She couldn't help it. Sally-Anne Perks had cut her hair over the holidays and it looked good. Really, really good in a way that set warning bells ringing somewhere in her mind. Padma ignored them of course. Growing up with Parvati's noise and mad ideas and sharing a Common Room with Seraphina Fawcett and Ellis Campbell for six years had irrevocably altered Padma’s sense of propriety—and relative danger and made her very good at ignoring things best left uninvestigated.
It was a very cute cut. Combined with the new uniform design, well...Padma blamed her fluttering stomach on the Arithmacy quiz she knew Vector was going to "surprise" them with.
History of Magic was the worst class. All the other professors had their own idiosyncrasies and maybe they were gits or drunk, but at least they knew things (well, from what she’d heard, that was up for debate when it came to Trelawney). But Binns?
Binns had died three hundred years ago and had stopped paying attention to the world seventy years before that. Binns’ information (and historical research methods) was outdated. And that was worse then him being an awful teacher.
Snape might try to make her cry, but Sally-Anne learned things (well, once Snape spilt up her and Lisa Turpin in Potions and they weren’t fighting and accidentally turning things invisible or blowing them up). Binns droned on and gave the few students still trying to pay attention the wrong information. Sally-Anne read journal articles published within the past hundred years and wondered why Padma Patil kept looking at her.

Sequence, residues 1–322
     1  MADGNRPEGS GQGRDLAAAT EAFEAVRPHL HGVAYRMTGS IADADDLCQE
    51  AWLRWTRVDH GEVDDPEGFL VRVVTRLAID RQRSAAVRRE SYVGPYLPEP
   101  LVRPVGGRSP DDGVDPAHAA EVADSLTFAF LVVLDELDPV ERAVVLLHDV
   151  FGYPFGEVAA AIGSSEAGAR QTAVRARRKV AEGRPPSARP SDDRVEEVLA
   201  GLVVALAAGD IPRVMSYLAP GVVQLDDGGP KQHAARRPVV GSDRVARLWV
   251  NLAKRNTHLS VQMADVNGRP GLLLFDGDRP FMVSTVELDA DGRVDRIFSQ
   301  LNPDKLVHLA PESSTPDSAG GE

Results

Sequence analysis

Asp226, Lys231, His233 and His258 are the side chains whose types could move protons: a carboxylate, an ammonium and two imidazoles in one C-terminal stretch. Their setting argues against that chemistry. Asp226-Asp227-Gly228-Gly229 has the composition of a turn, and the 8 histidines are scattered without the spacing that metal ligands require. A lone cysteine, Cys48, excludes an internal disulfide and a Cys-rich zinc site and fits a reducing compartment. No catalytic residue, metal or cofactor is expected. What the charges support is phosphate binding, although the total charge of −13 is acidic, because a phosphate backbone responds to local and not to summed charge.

Su was cuddling Mandy’s cat on the sofa. At the moment it looked like it was paint-splattered, but Padma wasn’t sure if that was from Mandy’s tie-dye kit or the result of Luna Lovegood’s painting-in-progress. It seemed like half of Ravenclaw had deemed this evening arts and crafts night. Padma had really just been hoping to toast marshmallows with her friends, but the search for marshmallows had unearthed, among other things, one of Mandy’s forgotten birthday presents and Terry insisted on trying it out.
So now they were at a commandeered table, with someone’s old cauldron bubbling with swirling incandescent colours (Padma was pretty sure the dye resembled an LSD trip) transfiguring bits of parchment into interesting things to tie-dye. It wasn’t the worst way to spend an evening, but the magical dye demanded serious safety precautions so there’d been a scramble to find enough pairs of dragonhide gloves (several people had dropped Herbology and Potions) and Padma, Michael, and Lisa were looking up stronger cleaning charms in case something dripped.
“I think this is what they used to write those epigrams outside the fourth year dorm,” Michael said, looking dubiously at the multicoloured dye.